A study has found that a new cellphone app is nearly as effective at detecting life-threatening heart attacks as a standard electrocardiogram (ECG).
The study, conducted by researchers at the Intermountain Medical Center Heart Institute in Salt Lake City, tested the accuracy of the feature inside AliveCor, an app designed to determine whether an individual is suffering from an ST-Elevation Myocardial Infarction (STEMI), a heart attack caused by a completely blocked artery. Unlike a traditional ECG, the app requires only a two-wire attachment as opposed to 12-leads placed on the body in order to record the heart’s electrical activity.
Tested on 204 patients experiencing chest pain, the app produced significant results, according to Dr. J. Brent Muhlestein, the study’s lead investigator.
“We found the app helped us diagnose heart attacks very effectively—and it didn’t indicate the presence of a heart attack when one wasn’t occurring,” Dr. Muhlestein said.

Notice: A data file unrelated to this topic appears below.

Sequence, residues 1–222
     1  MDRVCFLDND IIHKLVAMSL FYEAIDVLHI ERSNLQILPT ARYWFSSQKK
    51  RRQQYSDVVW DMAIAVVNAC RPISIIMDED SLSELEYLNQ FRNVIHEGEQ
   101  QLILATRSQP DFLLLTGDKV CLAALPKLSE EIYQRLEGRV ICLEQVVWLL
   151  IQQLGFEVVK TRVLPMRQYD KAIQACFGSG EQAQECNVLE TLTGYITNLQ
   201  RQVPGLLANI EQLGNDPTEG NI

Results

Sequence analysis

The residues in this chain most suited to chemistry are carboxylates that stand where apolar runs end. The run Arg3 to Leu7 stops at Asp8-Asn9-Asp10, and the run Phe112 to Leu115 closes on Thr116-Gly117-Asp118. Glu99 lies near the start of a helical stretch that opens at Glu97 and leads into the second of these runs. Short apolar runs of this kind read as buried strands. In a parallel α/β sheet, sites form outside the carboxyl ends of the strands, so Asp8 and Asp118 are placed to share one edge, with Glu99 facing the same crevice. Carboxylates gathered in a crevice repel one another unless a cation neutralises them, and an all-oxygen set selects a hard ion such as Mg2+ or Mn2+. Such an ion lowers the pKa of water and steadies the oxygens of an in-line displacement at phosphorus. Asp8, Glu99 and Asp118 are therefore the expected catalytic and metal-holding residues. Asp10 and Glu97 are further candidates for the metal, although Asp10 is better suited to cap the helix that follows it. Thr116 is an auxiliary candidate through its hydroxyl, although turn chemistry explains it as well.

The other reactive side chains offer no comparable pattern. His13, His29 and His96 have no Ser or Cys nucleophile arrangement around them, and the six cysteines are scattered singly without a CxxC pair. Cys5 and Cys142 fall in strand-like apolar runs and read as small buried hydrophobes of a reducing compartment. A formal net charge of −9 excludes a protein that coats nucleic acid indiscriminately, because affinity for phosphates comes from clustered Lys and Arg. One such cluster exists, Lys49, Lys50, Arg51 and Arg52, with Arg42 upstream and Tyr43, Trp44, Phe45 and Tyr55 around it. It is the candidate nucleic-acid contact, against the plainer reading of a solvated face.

By allowing individuals to quickly determine the presence of a heart attack, Muhlestein says the app can increase the chances of surviving a STEMI.
“The sooner you can get the artery open, the better the patient is going to do,” Dr. Muhlestein added. “We found this app may dramatically speed things up and save your life.”
The app will also be able to upload your results to the cloud for review by a cardiologist, who can tell a person experiencing a STEMI to immediately seek medical help.
“If somebody gets chest pain and they haven’t ever had chest pain before, they might think it’s just a bug or it’s gas and they won’t go to the emergency room,” Dr. Muhlestein said. “That’s dangerous, because the faster we open the blocked artery, the better the patient’s outcome will be.”
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Results from the study were recently presented at the American Heart Association’s 2018 Scientific Session in Chicago. Intermountain Healthcare also notes that given the low cost of such apps, ECG technology can now be put “into the hands of anyone with a smartphone or smartwatch,” making it “accessible in places like third world countries.”